Dog bites may result in one or more of the following injuries:
- Tissue loss and avulsion
- Crush injuries
- Fractured bones
- Sprain / strain injuries
- Infections such as rabies, cellulitis, C canimorsus infections
Victims of dog bite injuries to the face, especially children, should be examined for nerve damage and facial fractures. While the incidence of facial fractures from dog bite injuries is statistically low, physicians should not exclude the possibility of fractures resulting from dog attacks. (American Society of Plastic Surgeons, "When Dogs Attack: Report illustrates the Importance of Examining Dog Bite Victims for Facial Fractures," Plastic and Reconstructive Surgery, April 2002.) The article states:
- In an overview of 16 dog bite cases, there were 27 facial fractures, with 87 percent of the cases occurring in children under the age of 16. Sixty-nine percent of the cases involved fractures of bones around the eye, the nose, or the jaw.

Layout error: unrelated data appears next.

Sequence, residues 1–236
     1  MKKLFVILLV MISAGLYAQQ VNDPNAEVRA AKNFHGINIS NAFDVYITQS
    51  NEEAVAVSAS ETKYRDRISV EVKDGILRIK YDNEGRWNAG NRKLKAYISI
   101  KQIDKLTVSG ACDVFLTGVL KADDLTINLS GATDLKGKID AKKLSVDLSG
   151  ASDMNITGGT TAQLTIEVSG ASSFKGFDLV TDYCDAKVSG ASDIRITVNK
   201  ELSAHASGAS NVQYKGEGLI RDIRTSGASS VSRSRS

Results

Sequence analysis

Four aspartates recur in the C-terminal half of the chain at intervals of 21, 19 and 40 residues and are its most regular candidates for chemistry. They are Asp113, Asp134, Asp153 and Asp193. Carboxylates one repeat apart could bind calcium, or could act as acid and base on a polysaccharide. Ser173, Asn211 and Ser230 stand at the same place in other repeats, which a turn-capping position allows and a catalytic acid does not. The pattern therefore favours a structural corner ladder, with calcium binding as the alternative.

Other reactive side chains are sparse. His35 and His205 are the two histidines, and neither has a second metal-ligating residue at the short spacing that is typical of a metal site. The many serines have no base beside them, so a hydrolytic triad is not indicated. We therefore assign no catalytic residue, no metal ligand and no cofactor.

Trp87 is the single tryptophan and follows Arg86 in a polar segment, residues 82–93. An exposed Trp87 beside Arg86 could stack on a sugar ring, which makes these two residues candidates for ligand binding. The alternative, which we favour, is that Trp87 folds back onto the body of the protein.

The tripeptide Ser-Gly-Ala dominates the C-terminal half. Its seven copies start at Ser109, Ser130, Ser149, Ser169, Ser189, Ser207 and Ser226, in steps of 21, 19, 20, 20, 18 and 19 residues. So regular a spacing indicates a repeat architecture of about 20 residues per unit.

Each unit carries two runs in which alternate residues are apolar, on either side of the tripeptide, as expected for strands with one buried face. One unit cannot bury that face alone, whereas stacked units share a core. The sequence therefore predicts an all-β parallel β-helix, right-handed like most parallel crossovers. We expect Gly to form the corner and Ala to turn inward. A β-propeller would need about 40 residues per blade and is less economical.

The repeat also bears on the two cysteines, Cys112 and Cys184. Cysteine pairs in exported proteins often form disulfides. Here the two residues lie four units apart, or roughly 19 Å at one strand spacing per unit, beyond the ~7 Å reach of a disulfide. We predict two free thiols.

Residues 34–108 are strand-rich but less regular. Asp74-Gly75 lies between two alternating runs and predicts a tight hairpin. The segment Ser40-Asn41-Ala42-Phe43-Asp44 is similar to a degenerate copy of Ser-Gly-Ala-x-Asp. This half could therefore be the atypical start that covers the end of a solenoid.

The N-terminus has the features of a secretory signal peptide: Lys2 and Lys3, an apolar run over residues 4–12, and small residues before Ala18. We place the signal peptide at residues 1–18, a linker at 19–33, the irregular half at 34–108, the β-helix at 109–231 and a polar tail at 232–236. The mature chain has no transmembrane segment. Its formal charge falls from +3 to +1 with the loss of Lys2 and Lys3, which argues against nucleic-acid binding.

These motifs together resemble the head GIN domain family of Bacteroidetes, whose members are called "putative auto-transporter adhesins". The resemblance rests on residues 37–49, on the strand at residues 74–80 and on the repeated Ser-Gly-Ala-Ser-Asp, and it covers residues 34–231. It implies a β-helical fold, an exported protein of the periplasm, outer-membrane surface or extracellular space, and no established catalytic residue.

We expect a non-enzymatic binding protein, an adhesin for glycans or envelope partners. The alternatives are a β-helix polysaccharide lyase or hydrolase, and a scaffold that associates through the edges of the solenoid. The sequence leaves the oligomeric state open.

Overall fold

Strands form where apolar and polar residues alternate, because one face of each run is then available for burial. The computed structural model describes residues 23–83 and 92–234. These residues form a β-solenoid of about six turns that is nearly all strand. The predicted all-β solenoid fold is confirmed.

- To rule out facial fractures, the authors agree that victims should undergo a computed tomographic (CT) scan in cases with a high degree of suspicion - when large breed dogs capable of crush-type injuries are involved.
Not only can dog bite injuries lead to painful lacerations and puncture wounds, nerve damage, fractures, serious infections, disability, and deformity, but death can occur as well. Between 1989 and 1994, 109 bite-related fatalities were reported, and 57 percent were in children younger than 10 years old. [Sacks JJ, Lockwood R, Hornreich J, Sattin RW. Fatal dog attacks, 1989-1994. Pediatrics 1996;97(6 Pt 1): 891-5.] (See Statistics.)
Death can result from infection. For example, C canimorsus infections are very rare but can be very dangerous. They can result in fever, malaise, myalgia, vomiting, diarrhea, abdominal pain, dyspnea, confusion, headache, and skin rash. Disseminated intravascular coagulation develops in many patients. (J Blackman, MD, "Man's Best Friend?", J Am Board Fam Pract 11(2):167-169, 1998.)